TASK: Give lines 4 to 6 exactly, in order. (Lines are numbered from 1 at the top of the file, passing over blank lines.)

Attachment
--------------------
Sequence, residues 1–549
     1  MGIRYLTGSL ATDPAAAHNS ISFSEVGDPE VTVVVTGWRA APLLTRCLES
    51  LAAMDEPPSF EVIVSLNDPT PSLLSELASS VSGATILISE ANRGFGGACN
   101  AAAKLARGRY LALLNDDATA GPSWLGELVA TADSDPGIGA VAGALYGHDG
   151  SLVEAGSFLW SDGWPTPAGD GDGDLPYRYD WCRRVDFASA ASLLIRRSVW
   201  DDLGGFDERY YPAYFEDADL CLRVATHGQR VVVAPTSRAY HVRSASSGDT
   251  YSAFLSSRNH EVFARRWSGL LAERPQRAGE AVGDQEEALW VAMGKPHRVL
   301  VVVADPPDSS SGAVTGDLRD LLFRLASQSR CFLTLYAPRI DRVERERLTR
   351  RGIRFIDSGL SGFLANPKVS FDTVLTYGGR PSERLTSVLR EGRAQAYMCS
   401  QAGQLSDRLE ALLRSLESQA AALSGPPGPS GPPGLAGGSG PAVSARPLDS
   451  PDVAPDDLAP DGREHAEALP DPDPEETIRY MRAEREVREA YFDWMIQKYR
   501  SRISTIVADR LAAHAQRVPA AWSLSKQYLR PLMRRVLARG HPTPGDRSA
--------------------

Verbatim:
   101  AAAKLARGRY LALLNDDATA GPSWLGELVA TADSDPGIGA VAGALYGHDG
   151  SLVEAGSFLW SDGWPTPAGD GDGDLPYRYD WCRRVDFASA ASLLIRRSVW
   201  DDLGGFDERY YPAYFEDADL CLRVATHGQR VVVAPTSRAY HVRSASSGDT